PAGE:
The ladies are hung in a casual formation that’s bracketed on the right side by a very heavy leaded glass mirror excavated from a now-gone ‘30s-era Woolworth’s in Cleveland, Tennessee, my hometown. I rescued it from my parents’ garage a few years ago and painted it gold, as I am wont to do when faced with bare wood. Mirrors and metallics are recurring themes in my décor, much like Chinoiserie, dragons, hearts, little birds and “big cats” (the ceramic mother and baby leopard in my living room both wear heart-shaped lockets; it’s kind of adorable). I also have my share of tole – the ornate gilded metalwork favored by fans of the Regency style. There are several examples of it in the living room, the most dynamic being a lamp shaped like hydrangea blooming from a pot. I’ve never seen another like it.
The lamp stands on a stack of objects with a Gucci logo briefcase for a base. I picked it up years ago at the best thrift store in the world, The Gold Mine in Sun Valley, Idaho. On top of the Gucci are two books about the Tony Duquette, the famed artist and designer of mid-century Hollywood interiors and exteriors, film and stage sets, costumes, jewelry and just about anything else he could get his hands on. Wildly creative and prolific, Tony is the OG of modern OTT design.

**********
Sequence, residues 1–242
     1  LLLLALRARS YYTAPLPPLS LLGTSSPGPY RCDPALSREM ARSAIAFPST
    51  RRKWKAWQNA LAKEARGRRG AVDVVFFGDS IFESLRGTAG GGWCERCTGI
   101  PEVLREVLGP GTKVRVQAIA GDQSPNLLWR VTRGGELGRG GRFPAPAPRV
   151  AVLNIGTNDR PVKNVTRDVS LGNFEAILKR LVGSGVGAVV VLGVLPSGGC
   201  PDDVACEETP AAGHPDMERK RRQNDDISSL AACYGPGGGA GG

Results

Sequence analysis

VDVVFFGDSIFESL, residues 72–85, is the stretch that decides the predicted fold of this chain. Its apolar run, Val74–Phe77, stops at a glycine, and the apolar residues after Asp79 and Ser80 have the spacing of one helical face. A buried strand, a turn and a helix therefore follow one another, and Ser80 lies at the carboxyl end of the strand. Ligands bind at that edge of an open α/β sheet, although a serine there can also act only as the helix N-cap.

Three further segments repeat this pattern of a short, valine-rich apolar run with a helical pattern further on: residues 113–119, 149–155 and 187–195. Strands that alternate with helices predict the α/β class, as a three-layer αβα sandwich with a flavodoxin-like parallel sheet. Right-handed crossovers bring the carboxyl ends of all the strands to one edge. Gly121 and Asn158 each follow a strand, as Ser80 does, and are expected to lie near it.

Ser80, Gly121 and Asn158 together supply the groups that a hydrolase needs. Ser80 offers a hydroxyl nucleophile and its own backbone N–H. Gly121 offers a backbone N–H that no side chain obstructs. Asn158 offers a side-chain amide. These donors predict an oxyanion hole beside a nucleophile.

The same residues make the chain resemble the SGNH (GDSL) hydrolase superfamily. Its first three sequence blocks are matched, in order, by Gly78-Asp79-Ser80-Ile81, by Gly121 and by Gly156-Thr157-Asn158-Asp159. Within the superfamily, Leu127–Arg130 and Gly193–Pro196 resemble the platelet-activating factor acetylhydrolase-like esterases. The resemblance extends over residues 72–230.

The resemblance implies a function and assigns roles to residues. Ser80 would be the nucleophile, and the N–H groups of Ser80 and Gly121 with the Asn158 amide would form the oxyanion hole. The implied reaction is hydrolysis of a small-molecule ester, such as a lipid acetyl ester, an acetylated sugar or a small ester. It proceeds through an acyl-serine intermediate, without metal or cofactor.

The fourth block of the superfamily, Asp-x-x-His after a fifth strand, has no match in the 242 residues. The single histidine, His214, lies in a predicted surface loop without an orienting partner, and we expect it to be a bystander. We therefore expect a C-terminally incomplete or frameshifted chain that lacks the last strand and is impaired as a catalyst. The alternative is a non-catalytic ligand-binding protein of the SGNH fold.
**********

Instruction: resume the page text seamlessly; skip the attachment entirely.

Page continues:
These books are major design touchstones for me, a framework for what can be possible in a space if you open your mind and don’t discriminate when it comes to materials. After all, this is a man who applied crushed abalone shells to ceilings and walls to make them sparkle and who used the jet-beaded fabric from a Victorian-era ball gown to recover a side chair.
Tony literally made treasures from trash. In an exercise he called “Games of Chance,” he challenged himself to create beautiful objects out of random things he found. One such project photographed for his namesake book is a mandala made from shells, a plastic wastepaper basket, and the shredded bottoms and thong from a pair of rubber sandals. It’s beautiful.
Obviously, I'm a huge Tony fan-girl. I could go on and on. But truly, I'm barely doing him justice. Do yourself a favor and give him a Google. And then get ready to go down a fabulous Duquette rabbit hole.
Speaking of animals… A few years ago, I visited a spiritual healer who told me that my spirit animal is an eagle. I think he was wrong.
My spirit animal is Tony Duquette.
Our friend Caroline Allison is as talented as she is kind – and damn if she isn’t one of the nicest folks we know. Lina’s photography has been shown extensively in the U.S. and abroad; this fall, an exhibit of her new work will open at Zeitgeist, the Nashville gallery where she has representation. A contributing photographer for Garden & Gun, Lina also shoots for Lonny, Southern Living and, ahem, The Callaway Report.